U.S. Meat Gets Competitor Created by rrummel on 12/2/2013 2:28:08 PM
E.U. Goes after Global Markets
The U.S. Congress is trying to find ways to trim the budget - including in agriculture - but the European Commission has proposed more than tripling its spending in the international marketplace to support the export of EU agricultural and agri-food sector products. According to EU media reports - the proposed initiative aims to help the sector’s professionals break into international markets and make consumers more aware of the efforts made by European farmers to provide quality products. The proposal would boost European aid for agricultural exports progressively from 82.5-million dollars in the 2013 budget to 270.5-million in 2020. With consumers increasingly aware of the safety, quality and sustainability of food production methods - European Commissioner for Agriculture - Dacian Ciolos says European farmers and small or medium-sized enterprises are in a position of strength. U.S. Meat Export Federation Chairman Mark Jagels says this proposal sends a clear message - one he hopes our Congress is listening to. With 96-percent of the world’s population living outside our borders - Jagels says we need to focus our energy and resources on putting U.S. meat and other agricultural products on the world’s tables. If we don’t - he says our competitors in the EU and around the world will gladly take that business off our hands.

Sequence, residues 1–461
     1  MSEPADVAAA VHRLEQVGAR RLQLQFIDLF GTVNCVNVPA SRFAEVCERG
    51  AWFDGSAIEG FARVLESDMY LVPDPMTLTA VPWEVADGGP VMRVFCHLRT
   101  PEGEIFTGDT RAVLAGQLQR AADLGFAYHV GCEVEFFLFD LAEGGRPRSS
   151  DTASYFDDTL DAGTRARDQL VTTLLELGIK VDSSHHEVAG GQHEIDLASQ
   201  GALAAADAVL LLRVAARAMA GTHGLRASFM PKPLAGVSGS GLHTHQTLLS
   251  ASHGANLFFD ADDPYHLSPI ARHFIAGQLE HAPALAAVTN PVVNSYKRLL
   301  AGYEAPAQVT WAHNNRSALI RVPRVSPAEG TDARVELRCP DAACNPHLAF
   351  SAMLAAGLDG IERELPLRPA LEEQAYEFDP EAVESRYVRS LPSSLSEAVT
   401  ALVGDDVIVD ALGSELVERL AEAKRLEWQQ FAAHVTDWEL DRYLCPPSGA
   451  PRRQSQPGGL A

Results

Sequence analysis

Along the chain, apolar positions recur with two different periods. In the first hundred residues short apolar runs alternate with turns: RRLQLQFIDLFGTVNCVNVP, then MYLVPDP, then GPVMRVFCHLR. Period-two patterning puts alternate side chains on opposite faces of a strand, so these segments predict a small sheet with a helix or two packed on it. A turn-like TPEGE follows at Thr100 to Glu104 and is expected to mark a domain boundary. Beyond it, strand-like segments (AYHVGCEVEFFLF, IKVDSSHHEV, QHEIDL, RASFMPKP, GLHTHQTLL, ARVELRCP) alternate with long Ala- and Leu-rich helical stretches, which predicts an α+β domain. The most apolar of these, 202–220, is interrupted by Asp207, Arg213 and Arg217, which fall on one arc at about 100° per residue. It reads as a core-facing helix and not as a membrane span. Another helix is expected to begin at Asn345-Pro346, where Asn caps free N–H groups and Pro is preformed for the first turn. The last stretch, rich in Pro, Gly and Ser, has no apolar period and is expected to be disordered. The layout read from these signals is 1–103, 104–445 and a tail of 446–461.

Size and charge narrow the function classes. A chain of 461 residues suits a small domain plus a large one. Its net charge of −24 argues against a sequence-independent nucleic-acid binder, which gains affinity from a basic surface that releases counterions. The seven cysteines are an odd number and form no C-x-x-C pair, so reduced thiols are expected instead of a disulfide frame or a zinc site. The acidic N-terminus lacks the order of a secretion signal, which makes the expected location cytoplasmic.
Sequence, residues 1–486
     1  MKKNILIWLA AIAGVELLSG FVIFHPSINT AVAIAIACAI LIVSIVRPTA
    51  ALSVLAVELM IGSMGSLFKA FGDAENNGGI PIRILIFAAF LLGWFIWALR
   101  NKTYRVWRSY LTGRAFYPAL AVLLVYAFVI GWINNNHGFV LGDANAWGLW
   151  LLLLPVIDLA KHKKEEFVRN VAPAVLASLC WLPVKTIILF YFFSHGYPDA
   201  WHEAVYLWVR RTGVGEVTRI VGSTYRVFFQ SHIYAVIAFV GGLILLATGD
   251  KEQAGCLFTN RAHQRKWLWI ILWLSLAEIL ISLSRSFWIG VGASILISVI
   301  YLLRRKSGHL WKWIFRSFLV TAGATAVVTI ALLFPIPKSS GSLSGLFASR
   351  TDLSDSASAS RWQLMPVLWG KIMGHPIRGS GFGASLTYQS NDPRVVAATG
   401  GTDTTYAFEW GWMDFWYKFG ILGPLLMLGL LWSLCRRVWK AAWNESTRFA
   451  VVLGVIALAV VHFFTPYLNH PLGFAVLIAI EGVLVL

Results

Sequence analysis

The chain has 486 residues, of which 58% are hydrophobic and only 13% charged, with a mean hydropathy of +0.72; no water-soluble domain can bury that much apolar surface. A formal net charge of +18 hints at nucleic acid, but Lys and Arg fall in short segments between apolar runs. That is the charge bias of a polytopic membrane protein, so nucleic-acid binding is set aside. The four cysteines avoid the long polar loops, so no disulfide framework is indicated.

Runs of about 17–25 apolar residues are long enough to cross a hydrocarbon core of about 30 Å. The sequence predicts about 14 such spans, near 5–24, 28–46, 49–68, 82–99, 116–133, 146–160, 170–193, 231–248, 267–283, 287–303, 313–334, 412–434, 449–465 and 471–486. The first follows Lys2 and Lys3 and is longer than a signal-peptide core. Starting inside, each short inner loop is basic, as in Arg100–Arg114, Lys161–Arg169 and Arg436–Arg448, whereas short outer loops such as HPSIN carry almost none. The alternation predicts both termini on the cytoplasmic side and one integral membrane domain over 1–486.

Jagels notes the benefits of supporting U.S. agricultural exports are well-documented. U.S. ag exports - which topped 141-billion dollars in value in fiscal year 2012 - support nearly 1.2-million American jobs. They accounted for a 38.5-billion dollar surplus in the balance of trade for the year. According to a recent study conducted for USDA - the investment of USDA and checkoff funds in USMEF programs over the prior decade returned an average of $7.42 in net revenue to the U.S. pork industry and $3.87 to the beef industry per dollar invested. Jagels asks where better we can invest our tax dollars than in supporting agricultural exports that create jobs, bolster an essential industry and put tax revenue back into the government’s coffers. He says we need to take a cue from the EU and support agricultural exports rather than reducing spending on these essential programs.